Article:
3. While the onions are cooking, peel and seed the pumpkin. Slice into 1/4-inch thick slices.
4. When the onions are done cooking, transfer to a bowl. Wipe the skillet clean and add the remaining olive oil over medium heat. Arrange the pumpkin slices in the skillet in slightly overlapping layers, but with most of the pumpkin flat on the skillet so the surfaces will caramelize. The pumpkin should cover the bottom completely. Sprinkle with the remaining rosemary and season with salt and pepper. Cook over medium-high heat until the bottom slices start to caramelize, about 5 minutes. Reduce the heat to the lowest setting, cover the skillet and cook until the pumpkin is soft but not falling apart, about 10 minutes. Crumble the blue cheese and scatter the onions evenly over the pumpkin.
5. Roll the thawed puff pastry into an 11-inch square. Drape over the skillet and trim the pastry to just cover the vegetables.
6. Bake in the top third of the oven for 30 to 35 minutes, until the crust is browned. Using a small spatula around the edges of the skillet to release the crust, immediately invert the tarte onto a serving platter. Cut it into wedges and serve warm or hot.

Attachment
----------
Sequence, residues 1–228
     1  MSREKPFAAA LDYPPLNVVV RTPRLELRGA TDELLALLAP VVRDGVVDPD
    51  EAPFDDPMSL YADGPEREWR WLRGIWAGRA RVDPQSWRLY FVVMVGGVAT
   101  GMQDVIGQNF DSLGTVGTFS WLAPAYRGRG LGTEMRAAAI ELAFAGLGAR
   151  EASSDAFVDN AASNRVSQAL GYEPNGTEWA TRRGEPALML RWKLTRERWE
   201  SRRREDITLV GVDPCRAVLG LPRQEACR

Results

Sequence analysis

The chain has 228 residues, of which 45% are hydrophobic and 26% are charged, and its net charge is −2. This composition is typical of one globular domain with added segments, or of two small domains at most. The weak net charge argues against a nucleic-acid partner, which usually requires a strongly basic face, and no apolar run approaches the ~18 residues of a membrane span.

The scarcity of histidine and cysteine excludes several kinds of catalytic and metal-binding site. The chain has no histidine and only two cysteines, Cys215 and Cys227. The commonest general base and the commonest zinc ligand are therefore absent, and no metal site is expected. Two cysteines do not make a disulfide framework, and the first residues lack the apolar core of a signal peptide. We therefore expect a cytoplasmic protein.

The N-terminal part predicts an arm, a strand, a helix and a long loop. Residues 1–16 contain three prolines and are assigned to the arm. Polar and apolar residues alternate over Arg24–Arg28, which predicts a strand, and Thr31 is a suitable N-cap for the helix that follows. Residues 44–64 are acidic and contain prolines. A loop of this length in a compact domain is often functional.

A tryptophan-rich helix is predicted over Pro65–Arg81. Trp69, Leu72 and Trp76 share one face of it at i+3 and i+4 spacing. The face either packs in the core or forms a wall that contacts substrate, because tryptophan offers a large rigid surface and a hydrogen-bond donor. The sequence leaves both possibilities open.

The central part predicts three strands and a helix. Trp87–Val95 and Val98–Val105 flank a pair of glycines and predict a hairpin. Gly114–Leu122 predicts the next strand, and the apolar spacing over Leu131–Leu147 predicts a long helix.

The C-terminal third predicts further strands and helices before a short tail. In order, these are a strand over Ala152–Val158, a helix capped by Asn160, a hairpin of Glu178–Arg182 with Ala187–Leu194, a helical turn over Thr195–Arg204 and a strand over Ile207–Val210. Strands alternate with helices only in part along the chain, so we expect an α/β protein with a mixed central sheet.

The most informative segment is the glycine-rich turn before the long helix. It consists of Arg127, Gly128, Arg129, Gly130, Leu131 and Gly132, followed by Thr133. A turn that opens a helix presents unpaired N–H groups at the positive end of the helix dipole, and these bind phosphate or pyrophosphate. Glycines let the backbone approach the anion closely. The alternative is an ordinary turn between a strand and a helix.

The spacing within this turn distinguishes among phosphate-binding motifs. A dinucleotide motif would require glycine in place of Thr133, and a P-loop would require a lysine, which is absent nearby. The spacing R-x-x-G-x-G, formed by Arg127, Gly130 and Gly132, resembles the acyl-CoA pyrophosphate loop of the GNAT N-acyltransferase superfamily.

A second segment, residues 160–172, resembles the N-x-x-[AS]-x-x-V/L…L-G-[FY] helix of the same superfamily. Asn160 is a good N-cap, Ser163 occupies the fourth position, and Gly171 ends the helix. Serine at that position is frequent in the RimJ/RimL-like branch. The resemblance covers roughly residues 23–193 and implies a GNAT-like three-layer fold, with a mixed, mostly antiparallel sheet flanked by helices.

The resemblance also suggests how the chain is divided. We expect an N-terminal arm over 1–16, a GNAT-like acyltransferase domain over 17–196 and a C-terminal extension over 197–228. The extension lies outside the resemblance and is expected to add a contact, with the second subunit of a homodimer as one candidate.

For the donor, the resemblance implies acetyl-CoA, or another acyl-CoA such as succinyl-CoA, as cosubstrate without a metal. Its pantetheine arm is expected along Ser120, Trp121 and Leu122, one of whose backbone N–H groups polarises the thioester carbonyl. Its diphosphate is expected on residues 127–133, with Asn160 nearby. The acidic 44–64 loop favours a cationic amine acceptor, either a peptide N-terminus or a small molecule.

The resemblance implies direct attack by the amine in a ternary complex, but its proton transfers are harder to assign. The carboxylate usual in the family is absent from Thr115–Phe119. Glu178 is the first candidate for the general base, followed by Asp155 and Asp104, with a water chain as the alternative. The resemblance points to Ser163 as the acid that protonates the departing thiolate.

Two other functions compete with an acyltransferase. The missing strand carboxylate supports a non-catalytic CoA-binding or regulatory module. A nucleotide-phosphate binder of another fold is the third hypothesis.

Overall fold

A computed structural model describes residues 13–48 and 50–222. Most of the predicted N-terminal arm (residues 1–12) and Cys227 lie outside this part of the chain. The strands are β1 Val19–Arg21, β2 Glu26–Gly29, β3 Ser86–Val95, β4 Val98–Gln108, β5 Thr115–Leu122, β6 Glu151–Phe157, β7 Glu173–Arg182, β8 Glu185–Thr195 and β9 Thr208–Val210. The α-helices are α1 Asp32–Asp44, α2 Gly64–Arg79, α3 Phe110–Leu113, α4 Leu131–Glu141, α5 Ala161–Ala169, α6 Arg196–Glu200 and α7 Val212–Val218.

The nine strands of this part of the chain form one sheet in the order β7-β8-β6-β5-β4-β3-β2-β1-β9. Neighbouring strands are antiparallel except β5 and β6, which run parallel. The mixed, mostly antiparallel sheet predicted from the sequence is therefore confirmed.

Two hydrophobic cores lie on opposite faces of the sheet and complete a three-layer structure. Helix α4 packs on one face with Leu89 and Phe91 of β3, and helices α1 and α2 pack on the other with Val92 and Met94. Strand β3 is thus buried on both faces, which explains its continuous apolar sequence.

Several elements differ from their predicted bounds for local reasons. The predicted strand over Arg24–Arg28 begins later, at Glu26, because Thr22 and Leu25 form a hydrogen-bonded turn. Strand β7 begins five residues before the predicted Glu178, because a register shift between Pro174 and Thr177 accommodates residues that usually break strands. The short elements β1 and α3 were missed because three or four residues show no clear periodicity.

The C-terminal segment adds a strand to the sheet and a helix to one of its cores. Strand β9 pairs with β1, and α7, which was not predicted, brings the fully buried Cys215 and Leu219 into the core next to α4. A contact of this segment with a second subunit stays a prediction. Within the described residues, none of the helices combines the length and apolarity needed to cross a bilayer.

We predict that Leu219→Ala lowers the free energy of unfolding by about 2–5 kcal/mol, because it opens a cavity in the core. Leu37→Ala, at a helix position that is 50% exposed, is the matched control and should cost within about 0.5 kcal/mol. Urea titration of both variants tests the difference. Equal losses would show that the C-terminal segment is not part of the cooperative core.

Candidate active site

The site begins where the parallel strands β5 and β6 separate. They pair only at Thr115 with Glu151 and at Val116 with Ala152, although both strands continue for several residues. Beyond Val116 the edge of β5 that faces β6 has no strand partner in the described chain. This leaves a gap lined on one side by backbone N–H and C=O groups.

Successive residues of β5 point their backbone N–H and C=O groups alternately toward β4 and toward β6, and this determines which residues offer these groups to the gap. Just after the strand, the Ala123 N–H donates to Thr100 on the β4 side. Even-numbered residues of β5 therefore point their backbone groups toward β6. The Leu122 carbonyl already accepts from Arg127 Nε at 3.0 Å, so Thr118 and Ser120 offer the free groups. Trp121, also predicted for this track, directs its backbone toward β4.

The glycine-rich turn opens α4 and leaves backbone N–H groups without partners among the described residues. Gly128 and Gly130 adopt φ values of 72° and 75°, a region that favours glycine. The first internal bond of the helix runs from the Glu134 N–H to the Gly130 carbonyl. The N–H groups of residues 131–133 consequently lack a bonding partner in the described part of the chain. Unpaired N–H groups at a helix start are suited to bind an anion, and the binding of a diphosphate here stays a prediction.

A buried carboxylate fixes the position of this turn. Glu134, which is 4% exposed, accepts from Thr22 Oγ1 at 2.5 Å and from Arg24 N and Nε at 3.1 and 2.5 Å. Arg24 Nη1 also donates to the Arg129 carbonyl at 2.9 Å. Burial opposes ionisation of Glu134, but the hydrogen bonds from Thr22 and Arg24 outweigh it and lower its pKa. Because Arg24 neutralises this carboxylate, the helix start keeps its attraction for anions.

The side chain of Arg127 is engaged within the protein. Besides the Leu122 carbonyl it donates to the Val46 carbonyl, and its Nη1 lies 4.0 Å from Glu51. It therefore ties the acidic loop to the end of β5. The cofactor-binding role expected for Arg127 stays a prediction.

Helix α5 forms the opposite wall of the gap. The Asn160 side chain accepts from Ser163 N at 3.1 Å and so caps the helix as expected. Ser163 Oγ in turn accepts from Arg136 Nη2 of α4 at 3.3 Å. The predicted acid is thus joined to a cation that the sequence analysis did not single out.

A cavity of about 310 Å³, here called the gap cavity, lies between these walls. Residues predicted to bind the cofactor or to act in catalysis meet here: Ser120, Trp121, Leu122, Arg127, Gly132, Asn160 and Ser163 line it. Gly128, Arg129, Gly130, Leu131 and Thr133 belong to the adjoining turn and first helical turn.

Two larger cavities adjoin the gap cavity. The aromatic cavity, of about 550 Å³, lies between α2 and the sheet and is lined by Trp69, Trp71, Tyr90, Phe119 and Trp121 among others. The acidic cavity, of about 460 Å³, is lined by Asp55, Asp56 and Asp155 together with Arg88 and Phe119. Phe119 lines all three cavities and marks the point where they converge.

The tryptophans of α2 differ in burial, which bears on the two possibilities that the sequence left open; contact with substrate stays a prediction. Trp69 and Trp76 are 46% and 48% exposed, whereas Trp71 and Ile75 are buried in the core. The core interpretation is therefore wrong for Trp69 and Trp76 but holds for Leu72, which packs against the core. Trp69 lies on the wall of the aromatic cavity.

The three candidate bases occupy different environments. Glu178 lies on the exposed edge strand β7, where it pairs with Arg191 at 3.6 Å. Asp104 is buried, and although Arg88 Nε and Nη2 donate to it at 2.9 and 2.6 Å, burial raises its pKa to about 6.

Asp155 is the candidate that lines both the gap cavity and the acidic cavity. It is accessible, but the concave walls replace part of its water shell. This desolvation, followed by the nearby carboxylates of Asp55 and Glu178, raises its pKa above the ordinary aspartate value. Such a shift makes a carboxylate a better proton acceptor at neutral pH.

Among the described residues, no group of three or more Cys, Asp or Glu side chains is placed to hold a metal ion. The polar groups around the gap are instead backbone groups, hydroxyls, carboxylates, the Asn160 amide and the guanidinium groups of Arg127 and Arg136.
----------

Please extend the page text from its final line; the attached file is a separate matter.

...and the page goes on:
Monday, October 25, 2010
It's finally stopped raining in LA, but the wind's picked up, and it's still fairly chilly. A perfect evening for warm, slurpy, earthy Porcini Mushroom Soup. I love how substantial soba noodles can turn a dish. Their texture and flavor are also perfect for this soup. I'd also love to try this with the bags of dried shiitake mushrooms you can get from an Asian grocery store for practically nothing. I also loved how the mushrooms and tofu played off each other, so I think I also have a new stir-fry option.
Porcini Mushroom Soup
from 101 Cookbooks
2 oz. of dried porcini mushrooms
2 cups hot water
1 T. olive oil
3 shallots, chopped
1 tablespoon fresh rosemary, finely chopped
15 oz. extra-firm tofu, cut into 1/2" cubes
4 cups water
2-4 teaspoons salt
10 oz. soba noodles
1. Soak the porcini mushrooms in 2 cups of hot water for about 15 minutes, or until they are soft.